But there’s far more to Black Panther than faithfully portraying an African nation as more advanced than the West and a black leader who is of equal intellect to Tony Stark and Bruce Banner. Due to its xenophobic tendencies, Wakanda frowns upon American/foreign involvement. This dynamic is made clear in the Netflix miniseries that came out on BET around 6 years ago. I highly highly recommend that you see it as soon as possible, and certainly before the movie comes out. It adapts the first volume of the Black Panther, and makes clear the type of nation that Wakanda is. The mini-series doesn’t pull as many punches as I think the movie may be forced to. In it, American politicians refer to Wakandans as savages and other stereotypical insults typically addressed to blacks/Africans, and I think that would resonate very well with many black Americans who have seen the tragedies and attacks that I referred to earlier. In addition to the language, there are many disembodied heads and violence and blood are present; the point of ‘we don’t like invaders’ is made very clear. Make no bones about it: many people in the US and around the world don’t like blacks and Africans simply because they’re black and Africans, and the movie should make negative viewpoint clear. Expose it, address it, and then prove it wrong by showing just how advanced and intelligent the Wakandans are. Are they perfect? No. But if there’s any semblance of the need for a ‘white savior’ in the movie, then I think the movie will be a failure. Instead, the movie should serve to uplift and provide hope to black individuals around the world.

Marvel and Diversity

Marvel has already done a fairly good job when it comes to racial diversity. Half-Black Half-Latino Miles Morales has become the new mainstream Spider-Man (even though the MCU decided to give us our third Peter Parker in 15 years rather than have a new hero take on the role). War Machine/Iron Patriot and Falcon are both black superheroes in the MCU that have seen multiple appearances, though they haven’t had their own films. I do think that Marvel has been a bit less fair to its female leads—Black Widow had essentially been carrying the torch by herself (and didn’t even have powers) until Scarlet Witch showed up in Age of Ultron. I certainly hope Marvel does better with gender diversity, and having read lots of Ms Marvel/Captain Marvel recently, I’m really looking forward to her movie in 2018 as well.

Ultimately, by the time the Black Panther movie comes out, the MCU will be a much different place than it is currently. There are many movies that will greatly change the MCU landscape between now and it’s tentative July 6, 2018 release date: Captain America: Civil War (featuring the Panther), Thor: Ragnarok, Doctor Strange, Guardians of the Galaxy 2, an unnamed Spidey film, and Avengers: Infinity War Part 1. This begs the question: Will the Panther be in the Avengers by Infinity War Part 1? It will be interesting to watch. Regardless, I hope that Chadwick Boseman represents T’Challa well in the MCU, for the sake of the character and for those of us at home who need a headlining black superhero to look up to.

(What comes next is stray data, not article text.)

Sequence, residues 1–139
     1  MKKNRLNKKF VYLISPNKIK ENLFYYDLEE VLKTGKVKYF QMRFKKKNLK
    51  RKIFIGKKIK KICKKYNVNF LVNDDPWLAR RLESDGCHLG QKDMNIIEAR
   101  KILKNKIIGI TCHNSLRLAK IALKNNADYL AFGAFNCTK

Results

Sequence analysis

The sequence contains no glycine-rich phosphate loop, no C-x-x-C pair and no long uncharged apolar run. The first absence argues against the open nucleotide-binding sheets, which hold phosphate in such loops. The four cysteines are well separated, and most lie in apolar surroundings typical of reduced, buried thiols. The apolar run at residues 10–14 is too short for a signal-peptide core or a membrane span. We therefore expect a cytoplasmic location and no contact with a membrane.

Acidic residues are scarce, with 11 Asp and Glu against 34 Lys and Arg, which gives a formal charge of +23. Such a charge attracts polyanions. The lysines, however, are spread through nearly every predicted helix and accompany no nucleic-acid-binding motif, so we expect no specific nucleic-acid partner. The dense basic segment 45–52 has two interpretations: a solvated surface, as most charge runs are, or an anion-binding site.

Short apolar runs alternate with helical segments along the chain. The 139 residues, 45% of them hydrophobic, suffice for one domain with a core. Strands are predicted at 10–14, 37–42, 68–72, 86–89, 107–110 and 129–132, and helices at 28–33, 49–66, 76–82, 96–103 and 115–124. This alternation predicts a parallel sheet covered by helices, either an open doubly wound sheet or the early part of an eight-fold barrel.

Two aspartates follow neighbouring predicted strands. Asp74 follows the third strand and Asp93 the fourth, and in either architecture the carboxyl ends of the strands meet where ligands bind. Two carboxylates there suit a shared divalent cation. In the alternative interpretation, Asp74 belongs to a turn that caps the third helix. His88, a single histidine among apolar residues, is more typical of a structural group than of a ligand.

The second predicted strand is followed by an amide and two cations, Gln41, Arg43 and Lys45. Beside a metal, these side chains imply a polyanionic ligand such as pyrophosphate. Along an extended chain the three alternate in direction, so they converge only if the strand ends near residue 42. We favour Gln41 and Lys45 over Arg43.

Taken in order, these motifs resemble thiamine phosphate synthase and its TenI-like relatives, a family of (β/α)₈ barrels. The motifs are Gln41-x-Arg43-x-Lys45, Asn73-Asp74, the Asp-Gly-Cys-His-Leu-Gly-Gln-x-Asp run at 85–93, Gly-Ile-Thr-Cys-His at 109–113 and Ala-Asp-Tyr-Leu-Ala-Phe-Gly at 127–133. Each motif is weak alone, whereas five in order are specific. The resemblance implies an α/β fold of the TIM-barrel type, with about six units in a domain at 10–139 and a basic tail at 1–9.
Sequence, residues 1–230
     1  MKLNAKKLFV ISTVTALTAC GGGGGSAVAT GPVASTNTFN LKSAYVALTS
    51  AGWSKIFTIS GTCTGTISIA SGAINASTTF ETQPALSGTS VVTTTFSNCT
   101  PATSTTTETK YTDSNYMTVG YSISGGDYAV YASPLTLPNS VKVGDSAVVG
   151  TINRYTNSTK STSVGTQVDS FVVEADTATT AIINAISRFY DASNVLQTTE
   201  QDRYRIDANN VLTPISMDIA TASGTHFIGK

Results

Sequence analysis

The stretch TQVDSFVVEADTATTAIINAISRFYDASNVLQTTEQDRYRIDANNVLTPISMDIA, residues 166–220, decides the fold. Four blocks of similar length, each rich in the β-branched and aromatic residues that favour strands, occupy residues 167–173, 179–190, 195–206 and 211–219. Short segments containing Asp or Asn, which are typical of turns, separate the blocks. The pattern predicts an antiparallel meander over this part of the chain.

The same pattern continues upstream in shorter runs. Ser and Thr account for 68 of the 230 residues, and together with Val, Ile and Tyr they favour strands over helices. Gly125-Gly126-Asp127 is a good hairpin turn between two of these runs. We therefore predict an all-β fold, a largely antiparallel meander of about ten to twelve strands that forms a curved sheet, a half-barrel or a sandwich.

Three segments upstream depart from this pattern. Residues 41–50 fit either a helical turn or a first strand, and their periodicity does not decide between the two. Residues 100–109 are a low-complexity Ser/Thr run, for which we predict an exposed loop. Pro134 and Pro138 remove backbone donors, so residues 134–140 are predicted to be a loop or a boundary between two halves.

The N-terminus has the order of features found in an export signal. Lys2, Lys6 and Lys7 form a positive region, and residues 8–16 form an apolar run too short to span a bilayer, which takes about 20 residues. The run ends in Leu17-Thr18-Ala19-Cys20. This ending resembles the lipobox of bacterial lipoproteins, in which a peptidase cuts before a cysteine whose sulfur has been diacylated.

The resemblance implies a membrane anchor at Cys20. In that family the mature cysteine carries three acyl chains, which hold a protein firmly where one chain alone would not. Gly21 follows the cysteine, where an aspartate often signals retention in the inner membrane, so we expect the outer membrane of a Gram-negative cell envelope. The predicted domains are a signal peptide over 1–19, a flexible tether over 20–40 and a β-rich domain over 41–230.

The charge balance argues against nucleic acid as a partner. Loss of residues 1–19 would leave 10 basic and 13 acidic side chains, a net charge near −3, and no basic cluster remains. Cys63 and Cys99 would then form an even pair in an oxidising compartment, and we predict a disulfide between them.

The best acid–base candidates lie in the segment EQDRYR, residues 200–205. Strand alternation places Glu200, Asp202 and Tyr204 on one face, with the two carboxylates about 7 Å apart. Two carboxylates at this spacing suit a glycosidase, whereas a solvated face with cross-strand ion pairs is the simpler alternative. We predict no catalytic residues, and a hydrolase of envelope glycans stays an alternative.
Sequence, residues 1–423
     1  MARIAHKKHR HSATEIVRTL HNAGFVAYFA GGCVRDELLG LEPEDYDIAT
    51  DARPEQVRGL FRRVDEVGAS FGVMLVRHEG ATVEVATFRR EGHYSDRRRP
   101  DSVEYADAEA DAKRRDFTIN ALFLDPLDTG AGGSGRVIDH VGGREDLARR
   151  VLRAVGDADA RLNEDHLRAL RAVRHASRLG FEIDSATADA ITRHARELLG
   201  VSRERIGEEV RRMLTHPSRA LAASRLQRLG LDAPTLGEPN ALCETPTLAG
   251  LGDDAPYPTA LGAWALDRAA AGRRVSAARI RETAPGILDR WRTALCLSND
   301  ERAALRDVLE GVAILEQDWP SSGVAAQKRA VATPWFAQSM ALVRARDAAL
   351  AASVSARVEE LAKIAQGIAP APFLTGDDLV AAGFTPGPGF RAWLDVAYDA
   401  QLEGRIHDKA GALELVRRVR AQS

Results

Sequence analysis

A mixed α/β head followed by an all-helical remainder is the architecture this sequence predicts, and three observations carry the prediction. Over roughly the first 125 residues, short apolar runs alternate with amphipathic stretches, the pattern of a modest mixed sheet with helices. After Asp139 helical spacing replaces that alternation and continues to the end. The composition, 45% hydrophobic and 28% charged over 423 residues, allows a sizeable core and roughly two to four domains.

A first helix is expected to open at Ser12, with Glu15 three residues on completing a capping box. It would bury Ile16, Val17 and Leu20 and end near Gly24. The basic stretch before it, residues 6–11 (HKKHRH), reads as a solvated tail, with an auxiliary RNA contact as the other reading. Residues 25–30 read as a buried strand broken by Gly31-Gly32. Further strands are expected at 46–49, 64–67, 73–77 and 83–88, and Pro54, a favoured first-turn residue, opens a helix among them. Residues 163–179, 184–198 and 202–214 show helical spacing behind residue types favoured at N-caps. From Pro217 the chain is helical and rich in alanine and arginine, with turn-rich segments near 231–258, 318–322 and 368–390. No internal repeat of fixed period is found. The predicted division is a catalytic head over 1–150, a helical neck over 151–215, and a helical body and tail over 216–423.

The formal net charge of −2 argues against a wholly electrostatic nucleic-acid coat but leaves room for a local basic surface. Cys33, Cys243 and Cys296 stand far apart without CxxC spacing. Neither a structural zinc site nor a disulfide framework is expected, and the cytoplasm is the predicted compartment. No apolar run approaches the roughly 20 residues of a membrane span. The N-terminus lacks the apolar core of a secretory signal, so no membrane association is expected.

A New Endeavor: Tech Down South

Recently, I’ve decided on embarking on a new adventure with a friend, Matt Wilson (a student of the school out east): a weekly podcast. It’s something that we’ve talked about for quite a while, and after a false start back in November, we’ve finally put  something together that we’ve put some energy behind. The name of the podcast is “Tech Down South”, where Matt and I talk about any tech-related news that comes out for around 45 minutes. Given that we’re big Nintendo and Apple fans, expect those to be popular and common topics, but we’re working to include other, more general information as well. You can check us out on Twitter via @tds_show, or on the web at techdownsouth.wordpress.com. I hope you give us a listen!


Stick shift. Manual transmission. “The only way to drive a car”. It is called it many things, but in the end, it’s still the best way to operate a vehicle.

I grew up watching my dad drive a manual, a red Nissan Maxima ’92. He loved it to death. He purchased it a couple of months before I was born, in November of ‘93. It was the car that picked myself and my brothers up from the hospital right after we were born. It was the car that he took to work every day for the next 12 years, until it got just a bit too quirky to trust for that daily commute. He held onto it for a little while longer, eventually getting rid of it just a few months shy of my 15th birthday. Feeling the car vibrate under the seat and rumble as he shifted gears, I knew that when I bought my first car, it was going to make sure it would be a manual.

Because he got rid of that trusty Maxima before I could get my learner’s permit, I never had the opportunity to drive it. I never got to feel its steering wheel in my hand nor its clutch under my foot. And while I pleaded for a manual when he shopped for a third vehicle entering my junior year of high school, he instead opted for a pedestrian, but beloved Honda CR-V (which many of you know as Ramona).

Earlier today, I had the opportunity to drive a manual. The friend that takes me to church (no, not that one) has a nice Mazda 3 hatchback that he finally let me take for a spin. I had driven a stick before—my ex-girlfriend’s father showed me the ropes on an old Toyota in the rural Tennessee hills of Joelton my freshman year—but since then I’d been itching to get my hands on one. Given that very few Americans drive sticks anymore (apparently around only 4% of cars sold in the last few years are manual), even finding someone who drove one was a pretty rare in and of itself. After a bit of guilt-tripping and peer pressure, I was able to convince him to let me try it out in an empty parking lot.

Driving a stick, you have to pay attention. You can’t text and drive a stick, to be quite honest. With one hand on the wheel, one on the shaft, and both feet occupied (the left on the clutch and the right working the accelerator & brake), you have to be fully engaged with the vehicle and your surroundings. Unless you were Doctor Octopus, you wouldn’t have any remaining limbs to hold an iPhone. Terrain makes a difference: getting the car from “0 to 1”, as I call it, can be much trickier depending on the slope of the incline one is stopped on. (You don’t want to end up like Wal-Mart—rollback.) Even things like braking require more thought: Are you pressing in the clutch in as you brake? Do you even need to, at the speed you’re going? Do you need to downshift? I think that in an automatic and cellphone-heavy world, these extra factors can help to keep drivers engaged with the road. If driving a manual means I can’t use my phone while driving, that can only be a good thing.